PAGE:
Schools should not be closing early for Christmas unless they have been told it is “necessary” on public health grounds, Downing Street has said.
The Prime Minister’s official spokesman indicated that schools would be kept open unless there is an “absolute public health emergency”.
Local authorities have been warned against shutting schools early for the festive break simply as a precautionary measure.
Asked whether schools might close early for Christmas, the Prime Minister’s official spokesman said: “Certainly we do not think anyone should be closing schools early unless they have received advice from the local director of public health that it’s necessary on public health grounds.
“We wouldn’t want to see that happening routinely, just as a precaution, because as I’ve said, education is vital. And we’ve seen, sadly, because of the public health crisis, children have to miss face-to-face education. And so it’s very important that we maintain schooling as much as possible.”
Meanwhile, a heads’ union has warned that delaying action until vaccination can take hold could keep children away from class “longer” in the long term.
The NASUWT teaching union is calling on Education Secretary Nadhim Zahawi to urgently announce additional measures for schools and colleges before the Christmas break to avoid a repeat of the “chaos” last year.
The Government should publish guidance advising schools to cancel or postpone non-essential activities and events immediately, as well as move to online staff and parental meetings, the union says.
It adds that a staggered return of pupils in January should be considered and extra on-site testing facilities should be provided until the February half-term.
Health Secretary Sajid Javid said he could not guarantee schools would not close again due to the pandemic.
It comes after Mr Zahawi said on Sunday he could not guarantee that in January all schools would be open everywhere.
In a letter to the Education Secretary about the Omicron variant, Dr Patrick Roach, general secretary of the NASUWT, said: “I must urge you now to consider the immediate introduction of additional education measures to help slow the spread of Covid-19 and to minimise further disruption to education.
“In addition to wider community-level measures, we believe that additional measures will be required within schools and colleges now and as they return after the Christmas break.”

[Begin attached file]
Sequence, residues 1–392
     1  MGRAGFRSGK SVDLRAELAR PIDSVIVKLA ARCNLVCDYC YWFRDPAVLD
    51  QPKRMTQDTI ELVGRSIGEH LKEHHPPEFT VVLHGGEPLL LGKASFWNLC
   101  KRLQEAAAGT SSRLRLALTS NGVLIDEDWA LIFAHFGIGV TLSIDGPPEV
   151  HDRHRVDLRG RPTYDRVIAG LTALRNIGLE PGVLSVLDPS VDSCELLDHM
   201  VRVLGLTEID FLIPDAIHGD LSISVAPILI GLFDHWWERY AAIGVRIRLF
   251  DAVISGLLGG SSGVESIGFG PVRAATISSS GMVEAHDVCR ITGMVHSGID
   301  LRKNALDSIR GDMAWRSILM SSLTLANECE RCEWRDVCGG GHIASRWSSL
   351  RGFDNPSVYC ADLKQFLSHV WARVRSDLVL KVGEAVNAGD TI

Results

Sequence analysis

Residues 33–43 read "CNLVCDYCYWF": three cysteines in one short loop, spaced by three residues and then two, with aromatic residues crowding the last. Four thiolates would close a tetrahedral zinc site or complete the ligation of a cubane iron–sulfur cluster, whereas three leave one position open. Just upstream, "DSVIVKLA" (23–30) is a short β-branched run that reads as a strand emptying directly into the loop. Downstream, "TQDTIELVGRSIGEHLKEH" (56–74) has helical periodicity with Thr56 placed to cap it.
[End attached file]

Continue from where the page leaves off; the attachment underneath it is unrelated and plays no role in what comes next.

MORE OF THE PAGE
Dr Roach added: “We ask you to avoid a repeat of the confusion and chaos which last year impacted negatively on public and parental confidence and hampered the hard work of teachers and school and college leaders in their preparations at the start of 2021.
“An immediate announcement from the Government on additional measures for schools and colleges is, we believe, essential before the majority of schools and colleges close for the Christmas break.”
After the Christmas holidays last year, Prime Minister Boris Johnson told parents on January 3 to send their primary-age children back to school.
But on the evening of the next day, he announced a national lockdown for England – with all schools closed to the majority of pupils.
Robert Halfon, Conservative chairman of the Education Select Committee, has said the Government needs to “make sure schools are kept open in January”.
Mr Javid told MPs on Monday: “One of the reasons to take the measures we’ve said, especially around expanding the booster programme, is to make sure we can prioritise our children.”
The NASUWT is also calling on the Department for Education (DfE) to publish the levels of teacher and support staff absences – both Covid and non-Covid related – and the steps being taken to ensure schools can continue to maintain quality education provision amid “serious” staffing shortages.
Dr Roach added that figures reported to the union suggest that between one-third to one-half of teachers at some schools are “unavailable to work.”
Mr Whiteman, general secretary of the NAHT school leaders’ union, said: “It is already chaos in some schools as the Omicron wave hits.
“Delaying action until vaccination can take hold may actually keep children away from school longer in the long term.
“We would urge the Government to take every safety measure possible while maintaining face-to-face education, in order to avoid longer term school closures.
“Infection rates in schools have been growing unabated for a long time. Simply relying on the fact that children tend to suffer less from the virus is not good enough.”
He added that the Government “must act now” to deliver ventilation solutions and “sensible and effective” isolation protocols.
Geoff Barton, general secretary of the Association of School and College Leaders (ASCL), said: “What we may see is schools periodically having to close or send home year groups, for short periods of time, because of unsustainable levels of staff and pupil absence, or on public health advice.
“This has already been happening during the course of this term and there could be more of this if the Omicron variant means that there is more disruption.”